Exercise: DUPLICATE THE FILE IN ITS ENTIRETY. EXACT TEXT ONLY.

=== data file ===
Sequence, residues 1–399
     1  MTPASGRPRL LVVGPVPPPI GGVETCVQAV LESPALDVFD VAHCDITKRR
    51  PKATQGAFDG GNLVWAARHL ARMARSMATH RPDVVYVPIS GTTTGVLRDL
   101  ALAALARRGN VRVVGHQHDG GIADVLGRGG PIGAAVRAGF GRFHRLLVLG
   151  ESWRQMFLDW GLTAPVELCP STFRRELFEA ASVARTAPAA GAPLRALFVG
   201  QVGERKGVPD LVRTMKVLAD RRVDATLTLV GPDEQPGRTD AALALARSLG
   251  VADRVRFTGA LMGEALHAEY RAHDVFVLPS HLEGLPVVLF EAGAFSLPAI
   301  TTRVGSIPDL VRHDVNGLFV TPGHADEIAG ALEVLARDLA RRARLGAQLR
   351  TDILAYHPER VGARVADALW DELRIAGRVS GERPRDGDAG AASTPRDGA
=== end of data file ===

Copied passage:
Sequence, residues 1–399
     1  MTPASGRPRL LVVGPVPPPI GGVETCVQAV LESPALDVFD VAHCDITKRR
    51  PKATQGAFDG GNLVWAARHL ARMARSMATH RPDVVYVPIS GTTTGVLRDL
   101  ALAALARRGN VRVVGHQHDG GIADVLGRGG PIGAAVRAGF GRFHRLLVLG
   151  ESWRQMFLDW GLTAPVELCP STFRRELFEA ASVARTAPAA GAPLRALFVG
   201  QVGERKGVPD LVRTMKVLAD RRVDATLTLV GPDEQPGRTD AALALARSLG
   251  VADRVRFTGA LMGEALHAEY RAHDVFVLPS HLEGLPVVLF EAGAFSLPAI
   301  TTRVGSIPDL VRHDVNGLFV TPGHADEIAG ALEVLARDLA RRARLGAQLR
   351  TDILAYHPER VGARVADALW DELRIAGRVS GERPRDGDAG AASTPRDGA